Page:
DETROIT, TEXAS. Detroit is on the Missouri Pacific Railroad and U.S. Highway 82, two miles from the Lamar county line in western Red River County. It developed around the proposed route of the Texas and Pacific Railway in the early 1870s. When the railroad was completed in 1876 the post office at nearby Starkesville was moved to the new town, which was named Bennett. In 1887 J. M. Stephens, the local railway agent, renamed the town Detroit for his former home in Michigan. Because of its location on the railroad the town soon became an important trading center and shipping point for area farmers. By 1884 the population had reached 200, and local institutions included two steam mills, two cotton gins, a church, and a district school. By 1890 the population had reached 750, and the town had a weekly newspaper, the New Era, published by S. B. Norwood. Two years later two hotels and a bank were in operation, and the population of Detroit was estimated at 900. By 1910 it had reached 1,500. During the years following 1910 the population of Detroit declined steadily, reaching a low of 425 by 1960. Then the town began to grow again, with populations of 726 and 805 reported in 1970 and 1980, respectively. In 1990 Detroit had 706 residents. The population was 776 in 2000.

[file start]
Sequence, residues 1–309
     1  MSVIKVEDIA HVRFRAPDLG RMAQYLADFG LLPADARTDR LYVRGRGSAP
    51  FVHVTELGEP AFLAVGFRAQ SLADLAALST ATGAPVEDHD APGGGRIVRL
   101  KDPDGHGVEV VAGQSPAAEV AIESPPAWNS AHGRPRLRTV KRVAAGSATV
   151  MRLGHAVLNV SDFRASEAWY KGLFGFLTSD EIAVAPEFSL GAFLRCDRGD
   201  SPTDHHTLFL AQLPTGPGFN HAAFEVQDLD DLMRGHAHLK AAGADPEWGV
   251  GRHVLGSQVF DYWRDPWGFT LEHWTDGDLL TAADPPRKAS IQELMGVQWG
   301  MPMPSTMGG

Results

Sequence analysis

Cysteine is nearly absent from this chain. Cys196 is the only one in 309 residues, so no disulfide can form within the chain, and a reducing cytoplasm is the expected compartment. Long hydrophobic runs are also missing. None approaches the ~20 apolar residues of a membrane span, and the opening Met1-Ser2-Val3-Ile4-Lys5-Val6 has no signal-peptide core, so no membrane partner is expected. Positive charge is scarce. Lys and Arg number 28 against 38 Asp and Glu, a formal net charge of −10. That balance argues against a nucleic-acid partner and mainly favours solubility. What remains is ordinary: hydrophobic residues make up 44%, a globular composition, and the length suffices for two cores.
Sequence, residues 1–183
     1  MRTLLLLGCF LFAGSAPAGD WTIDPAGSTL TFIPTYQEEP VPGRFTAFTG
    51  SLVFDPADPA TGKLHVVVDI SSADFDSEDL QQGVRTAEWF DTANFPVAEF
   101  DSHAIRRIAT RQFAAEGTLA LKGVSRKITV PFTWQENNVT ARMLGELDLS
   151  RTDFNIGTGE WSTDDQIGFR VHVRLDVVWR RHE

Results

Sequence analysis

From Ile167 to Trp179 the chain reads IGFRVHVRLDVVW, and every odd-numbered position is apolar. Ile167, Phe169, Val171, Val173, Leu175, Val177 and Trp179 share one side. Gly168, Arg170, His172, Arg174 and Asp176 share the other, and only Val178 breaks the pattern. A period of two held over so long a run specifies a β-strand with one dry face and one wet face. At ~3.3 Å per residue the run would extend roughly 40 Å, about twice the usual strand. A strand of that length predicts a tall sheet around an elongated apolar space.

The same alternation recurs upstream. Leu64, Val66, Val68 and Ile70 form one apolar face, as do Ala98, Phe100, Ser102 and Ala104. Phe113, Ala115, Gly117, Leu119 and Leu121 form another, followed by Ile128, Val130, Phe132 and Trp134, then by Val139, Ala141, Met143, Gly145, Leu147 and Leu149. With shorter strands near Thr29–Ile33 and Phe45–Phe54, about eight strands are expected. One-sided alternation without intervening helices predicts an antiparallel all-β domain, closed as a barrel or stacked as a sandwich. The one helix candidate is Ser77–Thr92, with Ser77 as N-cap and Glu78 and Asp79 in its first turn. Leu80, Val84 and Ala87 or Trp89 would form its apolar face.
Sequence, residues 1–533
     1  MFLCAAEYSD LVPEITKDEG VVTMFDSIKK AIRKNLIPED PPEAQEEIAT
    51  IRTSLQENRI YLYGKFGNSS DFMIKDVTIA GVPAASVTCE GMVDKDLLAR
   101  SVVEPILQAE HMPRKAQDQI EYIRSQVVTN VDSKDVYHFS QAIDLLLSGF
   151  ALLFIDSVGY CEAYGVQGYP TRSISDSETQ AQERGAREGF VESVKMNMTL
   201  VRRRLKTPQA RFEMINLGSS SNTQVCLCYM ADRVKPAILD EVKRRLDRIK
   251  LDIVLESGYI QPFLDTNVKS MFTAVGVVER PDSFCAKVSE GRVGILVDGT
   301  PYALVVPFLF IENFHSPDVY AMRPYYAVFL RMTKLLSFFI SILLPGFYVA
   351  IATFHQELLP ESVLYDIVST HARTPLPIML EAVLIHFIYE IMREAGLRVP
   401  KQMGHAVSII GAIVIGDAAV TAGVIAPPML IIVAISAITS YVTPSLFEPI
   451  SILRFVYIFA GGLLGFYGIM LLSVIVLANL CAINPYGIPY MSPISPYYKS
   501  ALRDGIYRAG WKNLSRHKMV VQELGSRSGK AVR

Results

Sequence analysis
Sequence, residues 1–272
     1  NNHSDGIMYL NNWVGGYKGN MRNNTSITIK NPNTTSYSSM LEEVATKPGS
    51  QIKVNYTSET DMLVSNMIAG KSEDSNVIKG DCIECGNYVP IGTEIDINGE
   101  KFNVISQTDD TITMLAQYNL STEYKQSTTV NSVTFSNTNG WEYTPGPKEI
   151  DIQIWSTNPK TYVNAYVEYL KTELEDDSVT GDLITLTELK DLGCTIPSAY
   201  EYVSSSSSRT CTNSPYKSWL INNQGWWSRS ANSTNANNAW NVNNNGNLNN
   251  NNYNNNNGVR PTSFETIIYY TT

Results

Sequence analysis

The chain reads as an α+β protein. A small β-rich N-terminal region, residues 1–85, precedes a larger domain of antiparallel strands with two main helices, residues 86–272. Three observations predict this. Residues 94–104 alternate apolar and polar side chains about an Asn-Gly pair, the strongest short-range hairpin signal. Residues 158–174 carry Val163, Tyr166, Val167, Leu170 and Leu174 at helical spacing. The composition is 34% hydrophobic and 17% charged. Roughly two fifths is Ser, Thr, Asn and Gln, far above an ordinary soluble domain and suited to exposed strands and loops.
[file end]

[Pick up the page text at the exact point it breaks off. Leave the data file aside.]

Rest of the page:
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The following, adapted from the Chicago Manual of Style, 15th edition, is the preferred citation for this article.Handbook of Texas Online, Cecil Harper, Jr., "Detroit, TX," accessed February 24, 2017, http://www.tshaonline.org/handbook/online/articles/hld19.
Uploaded on June 12, 2010. Published by the Texas State Historical Association.